|These days sitting down at a table and playing a game is|
far more my preferred activity.
It could be a retro thing or a case of nostalgia for my boyhood, but in any case I have been decreasingly interested in new fangled leisure pursuits and getting 'back to my roots' with plastic model making and playing traditional board games.
From a Milgeek point of view I don't really cover my model-making hobby all that much here - except for maybe the occasional finished model - as I have a blog specifically for that. But I'm starting to think that I should cover my board game hobby on this blog as it seems to me that there has been something of a general resurgence in the popularity of getting together with friends and family and rolling dice...It' not half as 'nerdy' a pursuit as it once was.
Zombiecide! A terrific co-operative survival game which is
reminiscent of the computer game 'Left4Dead' (a favourite of mine).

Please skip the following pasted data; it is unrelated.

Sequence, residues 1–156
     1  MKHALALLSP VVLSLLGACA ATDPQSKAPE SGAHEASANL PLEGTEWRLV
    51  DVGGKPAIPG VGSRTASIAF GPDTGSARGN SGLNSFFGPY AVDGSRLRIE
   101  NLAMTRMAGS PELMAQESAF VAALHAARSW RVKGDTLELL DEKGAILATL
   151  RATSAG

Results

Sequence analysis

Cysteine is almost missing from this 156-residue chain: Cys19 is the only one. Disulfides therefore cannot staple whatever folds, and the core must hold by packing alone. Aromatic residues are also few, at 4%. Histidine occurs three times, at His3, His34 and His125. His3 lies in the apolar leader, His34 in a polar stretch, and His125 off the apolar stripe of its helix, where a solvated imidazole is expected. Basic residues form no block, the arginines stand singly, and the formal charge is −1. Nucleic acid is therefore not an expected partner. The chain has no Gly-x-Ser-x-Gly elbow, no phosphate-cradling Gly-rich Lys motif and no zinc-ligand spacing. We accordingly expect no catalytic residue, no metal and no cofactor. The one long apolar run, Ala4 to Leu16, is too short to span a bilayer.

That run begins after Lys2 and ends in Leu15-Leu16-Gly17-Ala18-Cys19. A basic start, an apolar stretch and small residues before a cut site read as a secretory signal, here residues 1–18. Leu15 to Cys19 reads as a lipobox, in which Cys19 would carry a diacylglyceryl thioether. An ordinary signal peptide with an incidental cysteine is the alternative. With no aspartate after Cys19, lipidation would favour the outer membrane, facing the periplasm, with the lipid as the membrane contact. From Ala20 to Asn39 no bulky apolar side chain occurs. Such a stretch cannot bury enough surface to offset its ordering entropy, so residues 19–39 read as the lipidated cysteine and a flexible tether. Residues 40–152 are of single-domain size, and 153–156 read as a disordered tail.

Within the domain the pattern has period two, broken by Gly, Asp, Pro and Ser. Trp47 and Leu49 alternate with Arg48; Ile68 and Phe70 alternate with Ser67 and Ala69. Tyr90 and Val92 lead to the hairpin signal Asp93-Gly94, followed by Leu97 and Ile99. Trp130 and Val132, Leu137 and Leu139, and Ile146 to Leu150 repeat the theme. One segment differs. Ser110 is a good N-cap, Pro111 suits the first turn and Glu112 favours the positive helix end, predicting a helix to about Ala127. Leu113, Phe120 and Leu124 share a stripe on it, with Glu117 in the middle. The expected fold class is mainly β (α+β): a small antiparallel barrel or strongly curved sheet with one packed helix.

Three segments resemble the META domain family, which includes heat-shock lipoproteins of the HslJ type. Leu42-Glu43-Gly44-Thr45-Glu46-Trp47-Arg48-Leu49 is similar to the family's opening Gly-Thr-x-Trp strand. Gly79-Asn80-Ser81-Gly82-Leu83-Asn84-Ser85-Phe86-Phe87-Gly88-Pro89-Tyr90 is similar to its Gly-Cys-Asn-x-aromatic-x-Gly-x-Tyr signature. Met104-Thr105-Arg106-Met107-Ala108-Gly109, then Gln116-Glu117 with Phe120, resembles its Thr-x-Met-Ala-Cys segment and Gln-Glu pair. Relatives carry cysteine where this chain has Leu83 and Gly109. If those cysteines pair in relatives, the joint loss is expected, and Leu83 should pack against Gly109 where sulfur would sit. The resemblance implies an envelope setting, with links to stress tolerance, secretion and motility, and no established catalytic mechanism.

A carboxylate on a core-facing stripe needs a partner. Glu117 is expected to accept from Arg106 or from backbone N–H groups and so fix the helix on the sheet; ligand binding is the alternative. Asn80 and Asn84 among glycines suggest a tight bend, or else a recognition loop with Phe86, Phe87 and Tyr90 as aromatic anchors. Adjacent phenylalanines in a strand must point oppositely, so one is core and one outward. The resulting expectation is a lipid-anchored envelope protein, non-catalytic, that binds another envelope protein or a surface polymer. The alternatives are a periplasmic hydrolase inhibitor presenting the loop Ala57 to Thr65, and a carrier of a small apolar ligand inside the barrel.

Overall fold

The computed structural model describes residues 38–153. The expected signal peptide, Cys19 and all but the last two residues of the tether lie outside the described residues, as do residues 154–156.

Interestingly there are actually a couple of clubs in my hometown who play tabletop games, one specifically a war-game club (which dabbles in the occasional fantasy/RPG game) and the other a fantasy/RPG club (that dabbles with the occasional war game)! But before you think that I am in danger of donning a cloak and funny hat and developing an interest in D&D, I should say that being involved in clubs like these are a great way to soften the sometimes steep learning curve associated with some of the more advanced tabletop games.
I hate reading 'how to play' instructions - I usually turn to YouTube if the game looks complex - but sometimes you really do need someone with experience to sit down and run through the basic play with you. So I may end up popping in to the local clubs on game nights that include games I am interested in learning.
On the wish-list is 'King of Tokyo' - which is defiantly not one of the more complex
table top games, as demonstrated by Will Wheaton & friends on 'Tabletop'.
So, there you go. Milgeek is going more analogue. But - to be honest - I have found that looking at the plethora of novel themes and ideas that tabletop game developers embrace they are apt to be a lot more innovative and take a lot more risks on what might be fun than their digital counterpart (who, like Hollywood, only seem to want to re-hash the same old ideas).